Like methodologies, project life cycles are unique to the industries and disciplines in which they are used. Although all projects have a beginning and an end, they will vary greatly in how the work is accomplished. It is nearly impossible to define an ideal life cycle. Some companies and organizations use a single, standardized life cycle for every project, whereas others permit the project manager to choose the best life cycle for the project. In others, a variety of life cycles exists to accommodate different levels of complexity and different styles or types of work.

Regardless of the organization's choices regarding methodologies and life cycles, all choices can use a scheduling tool to help with project execution. The key to success in every case is that the schedule must be focused on the deliverables to be produced rather than the process. The process must be set up to assist with producing deliverables. The next section of this chapter provides several examples of methodologies and life cycles in the field of software development to illustrate how Microsoft Project can be used to enable management of a wide variety of projects.

  • + Share This
  • 🔖 Save To Your Account

InformIT Promotional Mailings & Special Offers

I would like to receive exclusive offers and hear about products from InformIT and its family of brands. I can unsubscribe at any time.


Pearson Education, Inc., 221 River Street, Hoboken, New Jersey 07030, (Pearson) presents this site to provide information about products and services that can be purchased through this site.

This privacy notice provides an overview of our commitment to privacy and describes how we collect, protect, use and share personal information collected through this site. Please note that other Pearson websites and online products and services have their own separate privacy policies.

Collection and Use of Information

To conduct business and deliver products and services, Pearson collects and uses personal information in several ways in connection with this site, including:

Questions and Inquiries

For inquiries and questions, we collect the inquiry or question, together with name, contact details (email address, phone number and mailing address) and any other additional information voluntarily submitted to us through a Contact Us form or an email. We use this information to address the inquiry and respond to the question.

Online Store

For orders and purchases placed through our online store on this site, we collect order details, name, institution name and address (if applicable), email address, phone number, shipping and billing addresses, credit/debit card information, shipping options and any instructions. We use this information to complete transactions, fulfill orders, communicate with individuals placing orders or visiting the online store, and for related purposes.


Pearson may offer opportunities to provide feedback or participate in surveys, including surveys evaluating Pearson products, services or sites. Participation is voluntary. Pearson collects information requested in the survey questions and uses the information to evaluate, support, maintain and improve products, services or sites, develop new products and services, conduct educational research and for other purposes specified in the survey.

Contests and Drawings

Occasionally, we may sponsor a contest or drawing. Participation is optional. Pearson collects name, contact information and other information specified on the entry form for the contest or drawing to conduct the contest or drawing. Pearson may collect additional personal information from the winners of a contest or drawing in order to award the prize and for tax reporting purposes, as required by law.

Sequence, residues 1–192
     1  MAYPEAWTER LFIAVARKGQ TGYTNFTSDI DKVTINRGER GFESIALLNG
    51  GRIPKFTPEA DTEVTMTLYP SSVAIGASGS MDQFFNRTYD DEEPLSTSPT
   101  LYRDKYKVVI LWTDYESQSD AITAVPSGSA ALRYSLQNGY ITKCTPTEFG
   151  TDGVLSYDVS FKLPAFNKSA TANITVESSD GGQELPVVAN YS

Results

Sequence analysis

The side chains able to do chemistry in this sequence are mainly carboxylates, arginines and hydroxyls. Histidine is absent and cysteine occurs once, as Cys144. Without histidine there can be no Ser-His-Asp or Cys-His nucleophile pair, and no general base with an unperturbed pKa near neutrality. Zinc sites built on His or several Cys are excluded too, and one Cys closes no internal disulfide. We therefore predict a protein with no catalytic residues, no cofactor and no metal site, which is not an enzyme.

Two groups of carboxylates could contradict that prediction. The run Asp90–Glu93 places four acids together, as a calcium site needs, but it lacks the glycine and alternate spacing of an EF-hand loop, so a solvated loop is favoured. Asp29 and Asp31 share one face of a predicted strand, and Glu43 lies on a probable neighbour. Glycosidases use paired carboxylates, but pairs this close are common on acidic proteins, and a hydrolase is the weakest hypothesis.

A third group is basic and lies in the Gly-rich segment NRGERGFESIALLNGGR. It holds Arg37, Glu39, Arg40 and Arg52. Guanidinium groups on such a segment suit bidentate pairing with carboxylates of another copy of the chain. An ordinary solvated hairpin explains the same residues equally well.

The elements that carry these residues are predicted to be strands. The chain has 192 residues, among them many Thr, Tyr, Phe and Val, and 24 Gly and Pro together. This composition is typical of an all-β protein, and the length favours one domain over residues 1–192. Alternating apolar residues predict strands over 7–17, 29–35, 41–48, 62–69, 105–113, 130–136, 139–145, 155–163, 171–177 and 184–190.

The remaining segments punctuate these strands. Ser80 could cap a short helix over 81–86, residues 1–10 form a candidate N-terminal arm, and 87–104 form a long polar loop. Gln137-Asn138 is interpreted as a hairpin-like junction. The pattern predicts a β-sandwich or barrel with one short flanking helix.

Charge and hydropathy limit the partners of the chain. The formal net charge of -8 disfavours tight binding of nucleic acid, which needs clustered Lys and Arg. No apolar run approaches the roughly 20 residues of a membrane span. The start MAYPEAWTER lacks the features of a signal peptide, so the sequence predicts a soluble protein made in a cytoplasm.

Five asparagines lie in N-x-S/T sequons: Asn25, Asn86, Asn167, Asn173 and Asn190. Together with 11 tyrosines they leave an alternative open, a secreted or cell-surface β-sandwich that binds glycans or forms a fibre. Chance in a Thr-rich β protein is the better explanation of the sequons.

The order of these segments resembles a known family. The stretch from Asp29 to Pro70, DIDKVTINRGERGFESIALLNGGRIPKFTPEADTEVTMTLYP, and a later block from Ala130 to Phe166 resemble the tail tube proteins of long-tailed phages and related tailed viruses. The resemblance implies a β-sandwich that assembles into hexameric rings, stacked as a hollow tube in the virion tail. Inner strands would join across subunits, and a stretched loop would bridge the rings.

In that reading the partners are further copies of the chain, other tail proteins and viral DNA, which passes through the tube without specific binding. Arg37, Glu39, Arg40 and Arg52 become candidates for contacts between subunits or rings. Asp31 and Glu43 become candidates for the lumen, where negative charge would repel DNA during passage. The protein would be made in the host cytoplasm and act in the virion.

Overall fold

If you have elected to receive email newsletters or promotional mailings and special offers but want to unsubscribe, simply email information@informit.com.

Service Announcements

On rare occasions it is necessary to send out a strictly service related announcement. For instance, if our service is temporarily suspended for maintenance we might send users an email. Generally, users may not opt-out of these communications, though they can deactivate their account information. However, these communications are not promotional in nature.

Customer Service

We communicate with users on a regular basis to provide requested services and in regard to issues relating to their account we reply via email or phone in accordance with the users' wishes when a user submits their information through our Contact Us form.

Other Collection and Use of Information

Application and System Logs

Pearson automatically collects log data to help ensure the delivery, availability and security of this site. Log data may include technical information about how a user or visitor connected to this site, such as browser type, type of computer/device, operating system, internet service provider and IP address. We use this information for support purposes and to monitor the health of the site, identify problems, improve service, detect unauthorized access and fraudulent activity, prevent and respond to security incidents and appropriately scale computing resources.

Web Analytics

Pearson may use third party web trend analytical services, including Google Analytics, to collect visitor information, such as IP addresses, browser types, referring pages, pages visited and time spent on a particular site. While these analytical services collect and report information on an anonymous basis, they may use cookies to gather web trend information. The information gathered may enable Pearson (but not the third party web trend services) to link information with application and system log data. Pearson uses this information for system administration and to identify problems, improve service, detect unauthorized access and fraudulent activity, prevent and respond to security incidents, appropriately scale computing resources and otherwise support and deliver this site and its services.